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Fahlman's mail, syntax and T operations, standard send
In response to Fahlman, I feel that most object systems will represent a
small body of code (Flavors sans kernel should be one small to midsize file)
that any CL can run (with the benefit of a kernel), and that there will
typically be only three or four major ones at the most. Xerox could support
LOOPS, Symbolics would support Flavors, etc. It shouldn't be hard and
shouldn't cost anything to the users.
In response to KMP's mail:
What do you mean about syntax? There are a number of ways that the
semantics can change and force the syntax to change - changing the number or
kind of parameters to something, for example. I've suggested a common
syntax for sends - (send object message-name . message-arguments) - but all
I had to assume (phew) was that all messages have a unique identifying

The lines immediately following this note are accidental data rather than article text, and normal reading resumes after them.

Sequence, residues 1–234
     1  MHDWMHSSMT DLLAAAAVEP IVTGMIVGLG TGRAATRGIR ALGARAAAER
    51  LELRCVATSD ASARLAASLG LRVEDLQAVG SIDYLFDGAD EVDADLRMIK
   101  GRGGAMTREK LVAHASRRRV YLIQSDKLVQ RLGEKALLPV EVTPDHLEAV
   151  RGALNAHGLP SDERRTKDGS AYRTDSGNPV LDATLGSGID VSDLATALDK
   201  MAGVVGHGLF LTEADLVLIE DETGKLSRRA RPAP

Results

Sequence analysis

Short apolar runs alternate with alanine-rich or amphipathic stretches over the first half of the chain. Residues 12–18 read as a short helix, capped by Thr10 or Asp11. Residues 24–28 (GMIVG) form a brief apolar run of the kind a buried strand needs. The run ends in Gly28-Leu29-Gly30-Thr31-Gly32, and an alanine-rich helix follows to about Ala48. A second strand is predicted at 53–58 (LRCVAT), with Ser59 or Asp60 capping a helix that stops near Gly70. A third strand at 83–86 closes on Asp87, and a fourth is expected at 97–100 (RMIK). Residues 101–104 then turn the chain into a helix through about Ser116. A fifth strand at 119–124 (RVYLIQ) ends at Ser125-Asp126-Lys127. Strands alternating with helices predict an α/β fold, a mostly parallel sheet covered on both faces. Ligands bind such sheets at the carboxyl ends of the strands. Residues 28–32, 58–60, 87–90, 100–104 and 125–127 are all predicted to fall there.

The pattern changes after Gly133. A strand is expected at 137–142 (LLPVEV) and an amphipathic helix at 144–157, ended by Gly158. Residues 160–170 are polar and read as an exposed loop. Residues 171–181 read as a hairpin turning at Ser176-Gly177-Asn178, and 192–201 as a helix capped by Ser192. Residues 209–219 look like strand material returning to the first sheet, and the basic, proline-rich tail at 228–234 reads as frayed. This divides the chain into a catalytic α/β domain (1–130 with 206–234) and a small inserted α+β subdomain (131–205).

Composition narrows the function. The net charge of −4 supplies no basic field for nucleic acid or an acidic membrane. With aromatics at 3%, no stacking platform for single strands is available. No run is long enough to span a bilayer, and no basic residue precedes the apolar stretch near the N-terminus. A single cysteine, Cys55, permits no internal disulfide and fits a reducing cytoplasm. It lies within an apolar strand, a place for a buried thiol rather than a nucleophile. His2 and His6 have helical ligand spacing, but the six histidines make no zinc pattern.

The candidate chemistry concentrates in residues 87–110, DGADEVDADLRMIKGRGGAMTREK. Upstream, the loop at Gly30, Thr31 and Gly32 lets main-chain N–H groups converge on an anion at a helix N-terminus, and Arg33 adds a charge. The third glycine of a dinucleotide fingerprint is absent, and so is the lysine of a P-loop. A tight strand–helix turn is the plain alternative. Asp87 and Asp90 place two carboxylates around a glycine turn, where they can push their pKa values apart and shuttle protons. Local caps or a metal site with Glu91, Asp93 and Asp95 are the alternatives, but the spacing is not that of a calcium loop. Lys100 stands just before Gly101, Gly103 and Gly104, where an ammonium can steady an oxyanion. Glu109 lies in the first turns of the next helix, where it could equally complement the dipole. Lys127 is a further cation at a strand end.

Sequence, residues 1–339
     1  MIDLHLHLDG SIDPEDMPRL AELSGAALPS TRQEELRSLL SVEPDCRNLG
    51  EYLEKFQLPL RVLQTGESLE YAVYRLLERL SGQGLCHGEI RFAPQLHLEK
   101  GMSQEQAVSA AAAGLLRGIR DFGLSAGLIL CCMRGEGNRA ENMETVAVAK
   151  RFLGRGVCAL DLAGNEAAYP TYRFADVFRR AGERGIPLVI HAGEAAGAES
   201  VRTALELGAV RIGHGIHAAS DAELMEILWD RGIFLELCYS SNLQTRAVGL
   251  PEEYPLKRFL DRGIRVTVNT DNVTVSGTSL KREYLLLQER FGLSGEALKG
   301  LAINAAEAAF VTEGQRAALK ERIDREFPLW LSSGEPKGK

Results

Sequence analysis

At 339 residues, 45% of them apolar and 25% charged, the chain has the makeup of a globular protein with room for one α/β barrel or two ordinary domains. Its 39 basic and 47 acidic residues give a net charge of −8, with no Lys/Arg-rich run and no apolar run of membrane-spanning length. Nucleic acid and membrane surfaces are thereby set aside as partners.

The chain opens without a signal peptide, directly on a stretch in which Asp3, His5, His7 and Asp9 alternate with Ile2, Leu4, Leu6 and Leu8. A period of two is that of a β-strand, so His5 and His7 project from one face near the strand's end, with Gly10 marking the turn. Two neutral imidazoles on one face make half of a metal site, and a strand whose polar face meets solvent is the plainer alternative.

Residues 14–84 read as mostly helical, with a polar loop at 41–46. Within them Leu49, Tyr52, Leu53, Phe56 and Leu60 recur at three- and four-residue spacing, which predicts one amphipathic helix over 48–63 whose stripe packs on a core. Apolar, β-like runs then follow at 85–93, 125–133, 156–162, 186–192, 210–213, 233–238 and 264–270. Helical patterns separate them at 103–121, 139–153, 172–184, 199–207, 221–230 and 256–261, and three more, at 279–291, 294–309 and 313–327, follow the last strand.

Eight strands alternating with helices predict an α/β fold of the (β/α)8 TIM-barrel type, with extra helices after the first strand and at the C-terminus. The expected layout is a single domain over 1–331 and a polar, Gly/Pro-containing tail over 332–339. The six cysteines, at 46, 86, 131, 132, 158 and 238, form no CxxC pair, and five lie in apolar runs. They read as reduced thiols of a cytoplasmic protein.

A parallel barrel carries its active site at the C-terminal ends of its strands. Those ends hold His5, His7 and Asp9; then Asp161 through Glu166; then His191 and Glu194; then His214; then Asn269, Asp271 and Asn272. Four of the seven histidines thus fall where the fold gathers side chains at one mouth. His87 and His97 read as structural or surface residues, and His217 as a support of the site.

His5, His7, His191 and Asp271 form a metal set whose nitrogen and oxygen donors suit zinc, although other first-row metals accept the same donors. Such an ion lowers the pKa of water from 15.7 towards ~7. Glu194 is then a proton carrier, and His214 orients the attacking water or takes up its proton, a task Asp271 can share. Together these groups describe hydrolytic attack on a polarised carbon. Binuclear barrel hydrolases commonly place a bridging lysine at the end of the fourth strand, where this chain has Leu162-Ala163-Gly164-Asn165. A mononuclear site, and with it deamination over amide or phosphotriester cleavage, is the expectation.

(atomic) name (like a function name) and some arguments. I'm not sure how
much you want to assume about how inheritance is done, since if we have
original Flavors AND something else, I would DEMAND that inheritance be done
differently. Flavors is a complete and utter kludge. Doing things the same
so that everybody can understand them would have left us in the Dark Ages.
Operations (defined with DEFOPERATION, even in T) can be macros that expand
into a send of the operation name. An optional send function can be
supplied (to DEFOPERATION) instead of lisp:send, so you can make use of any
macroexpansions or defsubsts of the more specific sending function.
The only problem with the scheme that I've been proposing for a "standard
send" is that it may cost a function call in order to support the various
sending functions. Still, there could be some way of representing one or more
"standard" sending functions so that no extra function call is made - indeed,
if lisp:send is an instruction, that instruction performs the standard send.
Thus the "standard" thing can be done fast without ruling out the
alternatives. [See next message.]